- Political, economic, social and cultural factors that will make it more or less likely that a society will perceive and then solve its environmental problems
The fifth point may be particularly important, because it is refers to a society’s ability to perceive, understand and respond to the problems they are facing. As Diamond points out:
“One blueprint for trouble, where they can collapse likely, is where there is a conflict of interest between the short-term interests of the decision-making elites and the long-term interests of the society as a whole. Especially if the elites are able to insulate themselves from the consequences of their actions. When what’s good in the short-run for the elite is bad for the society as a whole, there is a real risk of the elite doing something which can bring the society down in the long-run.”
Prophetically Diamond warned in 2003 that this attitude seems to have infected the business class in the United States. He warns in a 2003 TEDTalk that the business elite have insulated themselves from the consequences of their actions, allowing them to drain billions of dollars to themselves for short-term profit at great harm to society in the long-term. This only seems more prescient with the increasing number of high level business scandals since Enron in 2001, from Bernie Maddoff and the banking collapse in 2008, to the recent Libor rate-fixing scandal that has engulfed Western finance and been described as the “greatest crime of theft and corruption” in modern history.
- The 2003 Jared Diamond TEDTalk on Collapse is available at http://www.ted.com/talks/jared_diamond_on_why_societies_collapse.html
Jared Diamond offers us a warning for today. Unlike past civilisations, which exploited their environment and collapsed in isolated pockets around the planet, globalisation has connected the entire world together. If there is a collapse now, it will involve everyone.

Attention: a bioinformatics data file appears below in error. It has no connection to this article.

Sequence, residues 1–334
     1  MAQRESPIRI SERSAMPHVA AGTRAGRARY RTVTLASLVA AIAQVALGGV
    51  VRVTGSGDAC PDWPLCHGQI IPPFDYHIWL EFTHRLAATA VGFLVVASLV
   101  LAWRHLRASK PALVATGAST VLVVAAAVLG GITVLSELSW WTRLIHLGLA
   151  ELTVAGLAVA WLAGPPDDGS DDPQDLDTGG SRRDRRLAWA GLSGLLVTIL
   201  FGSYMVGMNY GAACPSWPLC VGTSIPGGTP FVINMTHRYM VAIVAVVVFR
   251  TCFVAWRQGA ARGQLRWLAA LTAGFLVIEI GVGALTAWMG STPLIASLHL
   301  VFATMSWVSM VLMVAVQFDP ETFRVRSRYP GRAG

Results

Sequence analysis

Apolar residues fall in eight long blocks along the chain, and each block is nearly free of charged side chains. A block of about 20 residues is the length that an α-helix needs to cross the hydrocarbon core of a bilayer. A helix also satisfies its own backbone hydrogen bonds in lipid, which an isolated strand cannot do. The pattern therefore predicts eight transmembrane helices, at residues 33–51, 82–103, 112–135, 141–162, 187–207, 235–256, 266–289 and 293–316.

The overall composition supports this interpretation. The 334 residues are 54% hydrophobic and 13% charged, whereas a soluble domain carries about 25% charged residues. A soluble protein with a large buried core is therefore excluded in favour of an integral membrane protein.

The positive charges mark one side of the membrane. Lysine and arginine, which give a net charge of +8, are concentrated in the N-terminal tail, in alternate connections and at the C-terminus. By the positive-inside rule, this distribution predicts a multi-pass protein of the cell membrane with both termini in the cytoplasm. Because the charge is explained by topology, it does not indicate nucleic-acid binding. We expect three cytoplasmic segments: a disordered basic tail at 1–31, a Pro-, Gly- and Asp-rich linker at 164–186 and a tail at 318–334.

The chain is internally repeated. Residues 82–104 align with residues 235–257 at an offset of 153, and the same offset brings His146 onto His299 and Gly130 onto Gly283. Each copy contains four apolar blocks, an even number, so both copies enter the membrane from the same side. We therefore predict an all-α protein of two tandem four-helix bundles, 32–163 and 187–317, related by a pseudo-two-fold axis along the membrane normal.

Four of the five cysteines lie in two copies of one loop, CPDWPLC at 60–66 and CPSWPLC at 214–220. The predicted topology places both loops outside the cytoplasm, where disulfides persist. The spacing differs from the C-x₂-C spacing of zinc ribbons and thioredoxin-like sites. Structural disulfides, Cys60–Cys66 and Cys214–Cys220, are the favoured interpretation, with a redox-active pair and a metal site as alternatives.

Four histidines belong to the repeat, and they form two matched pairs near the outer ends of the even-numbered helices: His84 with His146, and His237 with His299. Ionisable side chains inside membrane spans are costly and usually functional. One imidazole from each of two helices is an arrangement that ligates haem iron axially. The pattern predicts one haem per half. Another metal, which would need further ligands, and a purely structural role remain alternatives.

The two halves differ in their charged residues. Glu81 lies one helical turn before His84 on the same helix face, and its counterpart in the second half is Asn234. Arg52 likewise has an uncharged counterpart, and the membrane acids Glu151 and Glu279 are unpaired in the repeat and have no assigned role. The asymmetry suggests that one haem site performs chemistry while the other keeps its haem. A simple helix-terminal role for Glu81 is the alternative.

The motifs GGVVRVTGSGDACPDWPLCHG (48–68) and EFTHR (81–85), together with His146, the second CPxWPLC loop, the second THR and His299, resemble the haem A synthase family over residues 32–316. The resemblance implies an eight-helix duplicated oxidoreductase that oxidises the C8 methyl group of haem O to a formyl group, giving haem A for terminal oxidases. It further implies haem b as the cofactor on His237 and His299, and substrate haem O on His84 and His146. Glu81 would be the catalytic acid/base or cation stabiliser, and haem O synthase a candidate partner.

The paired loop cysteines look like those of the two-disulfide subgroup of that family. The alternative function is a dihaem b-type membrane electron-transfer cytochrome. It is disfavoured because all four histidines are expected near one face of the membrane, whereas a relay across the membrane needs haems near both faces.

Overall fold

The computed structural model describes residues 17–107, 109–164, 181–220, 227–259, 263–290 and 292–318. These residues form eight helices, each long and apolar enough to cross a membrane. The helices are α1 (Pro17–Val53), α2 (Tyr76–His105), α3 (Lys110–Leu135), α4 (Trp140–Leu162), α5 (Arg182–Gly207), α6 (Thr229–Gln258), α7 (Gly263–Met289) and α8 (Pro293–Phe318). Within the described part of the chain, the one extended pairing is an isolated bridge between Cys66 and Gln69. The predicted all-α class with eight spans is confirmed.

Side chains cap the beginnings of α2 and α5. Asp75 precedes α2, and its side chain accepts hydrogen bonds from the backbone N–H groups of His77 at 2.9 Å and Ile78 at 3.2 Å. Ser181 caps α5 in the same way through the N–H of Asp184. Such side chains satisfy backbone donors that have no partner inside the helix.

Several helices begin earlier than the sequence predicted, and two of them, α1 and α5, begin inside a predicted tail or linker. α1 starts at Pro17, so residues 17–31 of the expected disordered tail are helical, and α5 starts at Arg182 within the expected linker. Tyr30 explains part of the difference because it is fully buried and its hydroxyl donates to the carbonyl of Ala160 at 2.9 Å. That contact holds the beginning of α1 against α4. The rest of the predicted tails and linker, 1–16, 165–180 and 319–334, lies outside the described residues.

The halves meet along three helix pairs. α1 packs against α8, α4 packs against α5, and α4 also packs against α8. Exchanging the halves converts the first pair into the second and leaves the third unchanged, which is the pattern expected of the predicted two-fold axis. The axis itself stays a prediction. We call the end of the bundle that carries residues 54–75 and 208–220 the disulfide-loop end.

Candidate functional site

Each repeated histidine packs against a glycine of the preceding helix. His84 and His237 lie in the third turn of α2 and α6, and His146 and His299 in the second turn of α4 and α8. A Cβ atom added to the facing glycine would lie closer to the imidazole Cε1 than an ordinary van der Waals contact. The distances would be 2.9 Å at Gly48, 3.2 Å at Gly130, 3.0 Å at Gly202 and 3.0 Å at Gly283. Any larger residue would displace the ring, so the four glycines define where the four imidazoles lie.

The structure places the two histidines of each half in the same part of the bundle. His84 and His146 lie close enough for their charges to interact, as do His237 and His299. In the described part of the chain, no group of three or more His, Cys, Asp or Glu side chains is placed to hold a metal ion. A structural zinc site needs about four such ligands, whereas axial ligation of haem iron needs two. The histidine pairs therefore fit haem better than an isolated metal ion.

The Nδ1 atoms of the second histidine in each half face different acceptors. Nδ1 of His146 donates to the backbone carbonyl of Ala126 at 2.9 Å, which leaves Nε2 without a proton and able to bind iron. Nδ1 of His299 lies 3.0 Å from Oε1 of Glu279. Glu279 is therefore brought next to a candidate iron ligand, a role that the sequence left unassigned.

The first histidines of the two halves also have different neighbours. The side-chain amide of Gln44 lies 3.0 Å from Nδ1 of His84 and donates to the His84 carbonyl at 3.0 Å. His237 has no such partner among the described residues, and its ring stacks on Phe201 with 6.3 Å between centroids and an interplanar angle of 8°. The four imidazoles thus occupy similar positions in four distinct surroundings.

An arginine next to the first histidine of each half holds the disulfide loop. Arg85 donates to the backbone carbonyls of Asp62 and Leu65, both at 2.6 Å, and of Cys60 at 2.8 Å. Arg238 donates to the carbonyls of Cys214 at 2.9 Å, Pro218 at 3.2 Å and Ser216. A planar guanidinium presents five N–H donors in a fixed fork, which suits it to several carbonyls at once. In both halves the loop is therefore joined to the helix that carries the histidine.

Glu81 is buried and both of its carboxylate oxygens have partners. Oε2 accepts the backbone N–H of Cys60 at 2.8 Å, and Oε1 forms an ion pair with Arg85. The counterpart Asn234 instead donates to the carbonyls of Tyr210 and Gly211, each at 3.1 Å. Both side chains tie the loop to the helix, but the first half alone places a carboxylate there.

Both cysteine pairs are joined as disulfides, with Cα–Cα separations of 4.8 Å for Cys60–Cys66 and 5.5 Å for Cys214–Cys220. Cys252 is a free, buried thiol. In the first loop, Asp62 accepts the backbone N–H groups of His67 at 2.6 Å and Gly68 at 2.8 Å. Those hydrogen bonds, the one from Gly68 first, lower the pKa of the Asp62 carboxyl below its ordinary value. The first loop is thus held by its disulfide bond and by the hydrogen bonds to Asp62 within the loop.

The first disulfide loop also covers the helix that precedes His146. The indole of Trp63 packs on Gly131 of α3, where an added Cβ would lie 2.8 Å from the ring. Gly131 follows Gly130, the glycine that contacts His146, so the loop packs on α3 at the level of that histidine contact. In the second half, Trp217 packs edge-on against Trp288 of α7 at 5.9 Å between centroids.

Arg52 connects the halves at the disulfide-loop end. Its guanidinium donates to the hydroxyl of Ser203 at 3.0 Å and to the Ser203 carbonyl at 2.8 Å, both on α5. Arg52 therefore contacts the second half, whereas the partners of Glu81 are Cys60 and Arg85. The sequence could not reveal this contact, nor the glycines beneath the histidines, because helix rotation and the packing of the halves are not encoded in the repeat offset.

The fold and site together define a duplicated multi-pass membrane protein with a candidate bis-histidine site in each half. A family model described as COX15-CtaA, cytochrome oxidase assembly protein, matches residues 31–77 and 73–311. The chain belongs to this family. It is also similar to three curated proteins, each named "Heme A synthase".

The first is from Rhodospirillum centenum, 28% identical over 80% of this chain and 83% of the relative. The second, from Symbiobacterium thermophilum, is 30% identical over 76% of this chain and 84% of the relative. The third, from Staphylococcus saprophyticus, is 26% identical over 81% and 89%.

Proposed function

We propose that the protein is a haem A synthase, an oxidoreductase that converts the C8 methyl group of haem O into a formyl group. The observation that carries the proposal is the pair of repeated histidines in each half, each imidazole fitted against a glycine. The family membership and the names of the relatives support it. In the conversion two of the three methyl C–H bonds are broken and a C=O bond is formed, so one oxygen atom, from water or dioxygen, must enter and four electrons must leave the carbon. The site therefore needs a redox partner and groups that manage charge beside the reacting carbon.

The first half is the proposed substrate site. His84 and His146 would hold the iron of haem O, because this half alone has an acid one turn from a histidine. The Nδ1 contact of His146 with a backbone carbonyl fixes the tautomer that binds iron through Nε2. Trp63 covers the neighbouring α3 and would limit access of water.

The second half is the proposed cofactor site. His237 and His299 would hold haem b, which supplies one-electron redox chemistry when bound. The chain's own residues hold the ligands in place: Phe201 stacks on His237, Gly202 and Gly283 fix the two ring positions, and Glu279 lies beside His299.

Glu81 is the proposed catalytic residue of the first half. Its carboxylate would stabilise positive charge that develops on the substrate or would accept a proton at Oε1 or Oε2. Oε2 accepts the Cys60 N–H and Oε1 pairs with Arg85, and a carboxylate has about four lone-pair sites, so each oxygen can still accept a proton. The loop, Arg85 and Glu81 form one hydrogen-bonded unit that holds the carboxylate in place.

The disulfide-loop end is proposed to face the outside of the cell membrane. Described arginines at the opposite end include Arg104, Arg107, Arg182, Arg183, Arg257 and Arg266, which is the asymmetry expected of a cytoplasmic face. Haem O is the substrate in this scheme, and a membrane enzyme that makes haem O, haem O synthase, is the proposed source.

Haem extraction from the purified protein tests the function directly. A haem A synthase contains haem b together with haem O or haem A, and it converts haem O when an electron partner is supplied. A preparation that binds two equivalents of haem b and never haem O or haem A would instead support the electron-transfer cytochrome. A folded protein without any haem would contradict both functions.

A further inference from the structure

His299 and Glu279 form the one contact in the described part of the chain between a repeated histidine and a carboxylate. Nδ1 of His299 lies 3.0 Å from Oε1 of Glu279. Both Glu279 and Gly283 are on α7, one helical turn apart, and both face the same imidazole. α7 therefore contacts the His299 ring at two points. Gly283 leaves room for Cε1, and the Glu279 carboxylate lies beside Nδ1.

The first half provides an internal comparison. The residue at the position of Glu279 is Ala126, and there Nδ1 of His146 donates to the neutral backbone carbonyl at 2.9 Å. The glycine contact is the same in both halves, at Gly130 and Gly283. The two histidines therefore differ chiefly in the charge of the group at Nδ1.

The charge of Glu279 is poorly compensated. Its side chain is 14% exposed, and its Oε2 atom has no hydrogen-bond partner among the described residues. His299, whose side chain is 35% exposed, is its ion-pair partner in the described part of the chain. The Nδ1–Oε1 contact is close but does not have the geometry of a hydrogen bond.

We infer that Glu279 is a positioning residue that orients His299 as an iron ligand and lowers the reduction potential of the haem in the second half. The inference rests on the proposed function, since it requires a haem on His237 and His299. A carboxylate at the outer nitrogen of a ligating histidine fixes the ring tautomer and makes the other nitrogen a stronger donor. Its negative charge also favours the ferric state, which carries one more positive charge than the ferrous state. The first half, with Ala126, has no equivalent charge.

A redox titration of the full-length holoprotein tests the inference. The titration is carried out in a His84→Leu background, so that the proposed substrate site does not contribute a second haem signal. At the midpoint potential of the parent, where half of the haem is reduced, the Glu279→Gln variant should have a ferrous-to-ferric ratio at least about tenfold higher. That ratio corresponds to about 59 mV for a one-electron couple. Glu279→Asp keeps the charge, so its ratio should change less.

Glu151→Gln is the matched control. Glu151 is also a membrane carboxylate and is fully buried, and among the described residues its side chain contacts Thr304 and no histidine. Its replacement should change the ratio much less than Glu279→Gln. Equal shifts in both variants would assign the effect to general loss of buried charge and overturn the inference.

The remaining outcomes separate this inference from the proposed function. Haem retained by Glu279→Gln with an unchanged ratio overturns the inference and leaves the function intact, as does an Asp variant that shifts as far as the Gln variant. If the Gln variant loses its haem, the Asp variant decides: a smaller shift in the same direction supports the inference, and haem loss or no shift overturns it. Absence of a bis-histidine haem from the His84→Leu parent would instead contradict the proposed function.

The common theme that runs through Diamond’s research is that societies are shaped by, and depend upon, the environment around them. Humankind may have grown arrogant in its mastery of the environment, but events such as the 2011 tsunami in Japan show that even the most wealthy and advanced societies are subject to it. Nation-states conceived of by people can jockey and compete with one another to form alliances, exploit resources, intervene in weaker states and ensure their own security. Ultimately though their existence and power depends on their relationship with the environment around them.
While some critics argue that this is too “environmentally deterministic,” perhaps not sufficiently taking account of the power of innovation and the human spirit, Diamond clearly states that societies can determine their own fate if they perceive and choose to solve their environmental problems. In fact, this has been done in the past, such as 16th Century forest management undertaken by the Tokugawa shogunate in Japan, and the Dominican Republic’s management of its environment when compared to island cohabitant Haiti. So modern society has a lot of influence over its own fate.
Jared Diamond is a modern-day polymath, variously described as an ornithologist, physiologist, biologist, ecologist, evolutionary biologist, geographer, biogeographer, historian or anthropologist. Trained first as a scientist, he takes a very interdisciplinary approach in his research into understanding how world societies develop, and why they fail. He explores how they interact with one another and how they exploit the environment around them, all the bases behind the disciplines of political science and economics. His theories can be used to inform both schools of thought, providing answers to International Relations just as well as, or better than, any other IR theory.